For someone like me, who writes about Star Wars lore for a living, watching The Rise of Skywalker felt like a natural extension of the galaxy and satisfying homage to Dark Empire’s narrative. But I can see where there could be confusion about how we got here from people who don’t mainline every piece of content Lucasfilm churns out. But the seeds of Palpatine’s return were planted nearly as soon as the first supplemental materials of the Disney era came out, as we began to get new books, comics, and animated series that were all firmly considered canon.

In 2016, Chuck Wendig’s novel Aftermath: Life Debt had Grand Admiral Rae Sloane discover not all was as it appeared during the Battle of Endor. The Emperor’s personal super star destroyer, known as the Eclipse, had not in fact been destroyed by the Rebels. Instead, Sloane found an image of Palpatine and several trusted loyalists, one of whom was Gallius Rax. Rax would later make sure all the chosen remnants of the Empire made it to the Unknown Regions, where the Eclipse was waiting for them. It now seems very likely Palpatine was on that ship, though definitely not in great shape.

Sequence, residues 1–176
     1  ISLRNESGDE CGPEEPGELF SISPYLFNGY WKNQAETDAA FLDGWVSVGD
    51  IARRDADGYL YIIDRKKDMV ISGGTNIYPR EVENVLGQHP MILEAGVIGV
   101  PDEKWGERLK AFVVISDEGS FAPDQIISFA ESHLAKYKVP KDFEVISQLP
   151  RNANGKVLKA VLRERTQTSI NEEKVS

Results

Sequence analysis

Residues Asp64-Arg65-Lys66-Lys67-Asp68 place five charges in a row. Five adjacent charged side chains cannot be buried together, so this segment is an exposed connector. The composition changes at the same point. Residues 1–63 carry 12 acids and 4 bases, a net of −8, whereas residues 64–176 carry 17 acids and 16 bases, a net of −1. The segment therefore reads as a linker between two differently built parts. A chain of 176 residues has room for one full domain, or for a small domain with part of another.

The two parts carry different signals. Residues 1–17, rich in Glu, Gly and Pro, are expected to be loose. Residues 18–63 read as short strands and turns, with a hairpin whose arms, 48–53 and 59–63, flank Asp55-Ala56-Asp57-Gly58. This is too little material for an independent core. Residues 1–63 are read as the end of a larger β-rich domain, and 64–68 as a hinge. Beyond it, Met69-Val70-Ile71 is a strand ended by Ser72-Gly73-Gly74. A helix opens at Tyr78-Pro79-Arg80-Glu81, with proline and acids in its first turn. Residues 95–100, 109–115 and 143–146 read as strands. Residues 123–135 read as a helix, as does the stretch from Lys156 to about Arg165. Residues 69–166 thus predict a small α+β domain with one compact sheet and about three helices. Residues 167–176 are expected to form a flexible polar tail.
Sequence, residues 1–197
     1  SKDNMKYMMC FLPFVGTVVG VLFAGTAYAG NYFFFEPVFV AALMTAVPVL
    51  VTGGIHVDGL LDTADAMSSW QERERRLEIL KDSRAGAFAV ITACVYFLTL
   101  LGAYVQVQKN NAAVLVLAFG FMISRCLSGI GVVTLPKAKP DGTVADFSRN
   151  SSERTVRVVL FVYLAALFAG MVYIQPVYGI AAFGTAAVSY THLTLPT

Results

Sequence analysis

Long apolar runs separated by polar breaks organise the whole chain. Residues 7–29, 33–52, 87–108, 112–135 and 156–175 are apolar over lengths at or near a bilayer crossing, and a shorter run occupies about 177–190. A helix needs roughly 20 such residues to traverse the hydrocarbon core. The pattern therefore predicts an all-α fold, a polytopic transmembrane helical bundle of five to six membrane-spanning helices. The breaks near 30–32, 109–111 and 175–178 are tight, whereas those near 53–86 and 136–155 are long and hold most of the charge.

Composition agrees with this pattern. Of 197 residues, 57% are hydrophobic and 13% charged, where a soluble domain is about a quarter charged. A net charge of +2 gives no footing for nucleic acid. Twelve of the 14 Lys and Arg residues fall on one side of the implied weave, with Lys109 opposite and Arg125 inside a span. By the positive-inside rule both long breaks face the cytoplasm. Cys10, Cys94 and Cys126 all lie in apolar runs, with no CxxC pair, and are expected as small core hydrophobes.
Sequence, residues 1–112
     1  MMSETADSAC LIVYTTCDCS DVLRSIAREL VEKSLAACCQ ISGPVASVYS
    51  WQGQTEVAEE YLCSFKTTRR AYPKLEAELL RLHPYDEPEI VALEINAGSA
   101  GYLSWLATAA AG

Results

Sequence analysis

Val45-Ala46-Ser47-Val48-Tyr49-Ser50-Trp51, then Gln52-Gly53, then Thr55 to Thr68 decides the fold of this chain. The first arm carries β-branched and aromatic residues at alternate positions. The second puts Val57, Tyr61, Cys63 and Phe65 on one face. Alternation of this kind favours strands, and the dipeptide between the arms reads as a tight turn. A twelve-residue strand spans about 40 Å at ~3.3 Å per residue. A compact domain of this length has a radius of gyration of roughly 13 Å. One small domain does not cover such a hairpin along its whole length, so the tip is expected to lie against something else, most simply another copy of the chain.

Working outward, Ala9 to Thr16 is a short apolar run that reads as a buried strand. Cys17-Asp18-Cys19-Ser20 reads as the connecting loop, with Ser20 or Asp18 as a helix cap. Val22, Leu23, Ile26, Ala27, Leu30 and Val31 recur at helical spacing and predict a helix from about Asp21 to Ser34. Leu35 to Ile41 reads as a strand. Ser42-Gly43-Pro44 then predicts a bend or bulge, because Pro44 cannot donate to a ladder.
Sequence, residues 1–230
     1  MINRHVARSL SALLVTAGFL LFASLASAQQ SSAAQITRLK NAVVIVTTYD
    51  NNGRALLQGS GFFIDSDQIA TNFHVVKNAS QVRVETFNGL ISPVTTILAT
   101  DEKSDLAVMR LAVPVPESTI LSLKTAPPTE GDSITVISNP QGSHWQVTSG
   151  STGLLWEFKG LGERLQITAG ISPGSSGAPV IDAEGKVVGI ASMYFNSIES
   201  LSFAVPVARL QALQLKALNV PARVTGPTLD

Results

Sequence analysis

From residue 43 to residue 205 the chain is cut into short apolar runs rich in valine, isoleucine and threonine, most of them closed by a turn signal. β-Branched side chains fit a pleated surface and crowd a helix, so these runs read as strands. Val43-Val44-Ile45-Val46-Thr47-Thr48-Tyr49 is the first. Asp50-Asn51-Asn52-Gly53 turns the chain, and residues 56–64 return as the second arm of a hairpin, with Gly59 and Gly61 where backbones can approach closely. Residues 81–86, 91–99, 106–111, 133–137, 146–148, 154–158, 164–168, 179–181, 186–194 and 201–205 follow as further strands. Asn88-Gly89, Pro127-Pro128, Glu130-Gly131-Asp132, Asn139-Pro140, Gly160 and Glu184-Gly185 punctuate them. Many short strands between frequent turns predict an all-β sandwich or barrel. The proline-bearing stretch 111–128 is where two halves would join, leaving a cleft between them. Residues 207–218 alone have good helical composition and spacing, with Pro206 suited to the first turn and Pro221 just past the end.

Meanwhile, the later seasons of both Star Wars: The Clone Wars and Star Wars Rebels opened doors to the most mystical parts of the Force. From Yoda’s interactions with the Force Priestesses to Ezra and Ahsoka discovering a way to step outside of time and space (and realizing Palpatine could do it too, to an extent), the Force became a lot more than the ability to Jedi Mind Trick stormtroopers.